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A Concise Introduction to World Religions, 4th Edition
Based on the best-selling World Religions: Eastern Traditions and World Religions: Western Traditions, A Concise Introduction to World Religions, Fourth Edition, is ideal for single-semester courses. Renowned contributors trace the origins and evolution of the major traditions, explain their essential teachings, outline their practices, and examine their interactions with modern culture and society, while insightful introductory and concluding essays suggest countless avenues for further reflection and study.
It has been an honor for us to edit this fourth edition of A Concise Introduction to World Religions. The late Will Oxtoby was an outstanding researcher, but his true excellence was as a teacher. It is no coincidence that the publications for which he will be remembered best are the textbooks World Religions: Eastern Traditions and World Religions: Western Traditions. It was also as a teacher that Will first met Alan Segal, who became a colleague, a close friend, and eventually a collaborator on those books. After Will’s death early in the planning of the first edition of A Concise Introduction to World Religions (2006), it was Alan who took over as general editor and saw the work through to completion. He also oversaw the development of the second edition of the present work, but just before it went to press, in 2011, he died—barely three months into his retirement from Barnard College.
With Alan’s death, new authors were required for the chapters on Judaism and Christianity. In choosing his original contributors, Will Oxtoby looked for people who combined scholarship with sympathetic appreciation of the traditions in question. We have tried to be true to that vision in choosing our own contributors. This is the first Concise edition to include Michael Desrochers’s excellent work on the religions of antiquity.
In his original foreword, Will wrote that people often used to ask him why he would waste his life on something as unimportant as religion, but that no one ever asked that question after the Islamic revolution in Iran. We have had the same experience: since the terrorist attacks of 9/11, not a single student has raised the issue of relevance. On the contrary, the study of world religions is now seen as more important today than ever before.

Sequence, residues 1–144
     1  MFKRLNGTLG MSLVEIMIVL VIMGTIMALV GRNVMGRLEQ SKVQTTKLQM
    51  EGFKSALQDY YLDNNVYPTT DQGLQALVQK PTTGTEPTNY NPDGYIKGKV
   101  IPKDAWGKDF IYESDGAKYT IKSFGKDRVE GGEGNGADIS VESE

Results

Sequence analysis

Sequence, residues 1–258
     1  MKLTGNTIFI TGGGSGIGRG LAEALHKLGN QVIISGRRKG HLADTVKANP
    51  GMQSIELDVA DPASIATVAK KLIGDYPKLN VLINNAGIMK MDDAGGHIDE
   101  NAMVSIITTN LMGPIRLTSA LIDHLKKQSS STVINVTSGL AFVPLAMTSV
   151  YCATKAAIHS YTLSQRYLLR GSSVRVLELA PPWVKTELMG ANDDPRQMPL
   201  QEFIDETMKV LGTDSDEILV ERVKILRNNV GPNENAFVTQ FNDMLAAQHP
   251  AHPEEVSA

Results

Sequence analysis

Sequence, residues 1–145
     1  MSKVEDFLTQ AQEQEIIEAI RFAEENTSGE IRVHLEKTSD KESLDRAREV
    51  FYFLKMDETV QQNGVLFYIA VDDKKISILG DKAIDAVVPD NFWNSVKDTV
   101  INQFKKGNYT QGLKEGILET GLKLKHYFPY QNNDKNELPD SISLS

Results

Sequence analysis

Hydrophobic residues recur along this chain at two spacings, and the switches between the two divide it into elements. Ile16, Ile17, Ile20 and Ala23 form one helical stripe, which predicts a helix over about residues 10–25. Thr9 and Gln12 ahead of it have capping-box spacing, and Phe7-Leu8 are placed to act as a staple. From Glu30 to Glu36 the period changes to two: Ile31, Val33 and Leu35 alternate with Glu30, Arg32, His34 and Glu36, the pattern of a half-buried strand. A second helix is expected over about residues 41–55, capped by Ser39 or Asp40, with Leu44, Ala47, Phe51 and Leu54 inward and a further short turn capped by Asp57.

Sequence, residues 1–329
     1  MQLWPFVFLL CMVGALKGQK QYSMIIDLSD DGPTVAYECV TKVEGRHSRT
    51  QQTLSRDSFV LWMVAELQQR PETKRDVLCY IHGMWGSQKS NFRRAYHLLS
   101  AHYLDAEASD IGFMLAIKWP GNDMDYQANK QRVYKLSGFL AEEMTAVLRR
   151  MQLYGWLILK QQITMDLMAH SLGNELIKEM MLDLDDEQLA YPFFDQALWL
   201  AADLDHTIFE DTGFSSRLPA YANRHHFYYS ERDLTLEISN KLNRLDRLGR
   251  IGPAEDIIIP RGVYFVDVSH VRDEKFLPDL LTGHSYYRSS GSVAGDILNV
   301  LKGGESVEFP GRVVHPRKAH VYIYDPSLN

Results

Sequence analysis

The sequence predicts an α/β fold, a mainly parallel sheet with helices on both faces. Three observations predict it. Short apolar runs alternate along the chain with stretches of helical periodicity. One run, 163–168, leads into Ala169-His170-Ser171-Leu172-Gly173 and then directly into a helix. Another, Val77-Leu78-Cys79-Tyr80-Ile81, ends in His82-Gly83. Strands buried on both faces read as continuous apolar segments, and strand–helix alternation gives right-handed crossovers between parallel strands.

Important Features of This Edition
This fourth edition of A Concise Introduction to World Religions builds on and further refines the significant changes made to the third edition. The introductory chapter has been enhanced in several ways. Now titled “Studying Religion,” it has been newly written to give more attention to theories about religion and methods for the study of religion. In addition, at the suggestion of reviewers, we’ve added a new chapter on the religions of antiquity.
We have also added three new features: Interview boxes, Practice boxes, and Women in the Traditions boxes. The Interview boxes offer a short interview with an important or influential member of one of the traditions discussed in each chapter. The Practice boxes invite students to glimpse facets of religion as observed in daily life. The Women in the Traditions boxes expand the coverage found in the chapters by examining an issue related to women’s practice or lives within a tradition.
Dynamic Pedagogical Program
• Traditions at a Glance boxes provide thumbnail summaries of numbers and distribution of participants, founders and leaders, deities, important texts, and noteworthy doctrines.
• Timelines help to place religious developments in historical context.
• Informative maps provide useful reference points.
• A vibrant art program highlights practitioners’ lived experiences.
• Sacred Texts tables give students a convenient summary of the most important texts in each tradition, how and when they were composed, and how they have been used.
• End-of-chapter discussion questions enhance students’ critical understanding of key concepts, glossaries explain key terms, and lists of further readings and recommended websites provide excellent starting points for further research.
Compelling Boxed Features
• Document boxes provide generous excerpts from scripture and other important writings.
• Sites boxes draw attention to locations of special significance to each tradition.
• Focus boxes give students greater understanding of certain aspects of each tradition.
Extensive Ancillary Package
Online resources provide an outstanding array of teaching and learning tools for both instructors and students. Instructors can benefit from a suite of ancillaries designed to support their teaching goals.
An instructor’s manual contains chapter summaries, learning objectives, student activities, class discussion topics, essay topics, and lists of multimedia resources for each chapter. PowerPoint slides cover all key concepts and are easily adapted to suit a particular course. Students have access to a wealth of additional information in the student study guide, which offers chapter summaries, learning objectives, short-answer questions (with answers), reflection questions, research paper topics, and multimedia resources.
Contributors xviii Preface xx
1 Studying Religions 2
Roy C. Amore & Amir Hussain
2 Indigenous Traditions 26
3 Religions of Antiquity 76
4 Jewish Traditions 126
5 Christian Traditions 182
Wendy L. Fletcher
6 Muslim Traditions 244
7 Hindu Traditions 302
8 Sikh Traditions 364
9 Jaina Traditions 400
10 Buddhist Traditions 434
Roy C. Amore
11 Chinese and Korean Traditions 496
Terry Tak-ling Woo
12 Japanese Traditions 560
John K. Nelson
13 New Religions
and Movements 592
Roy C. Amore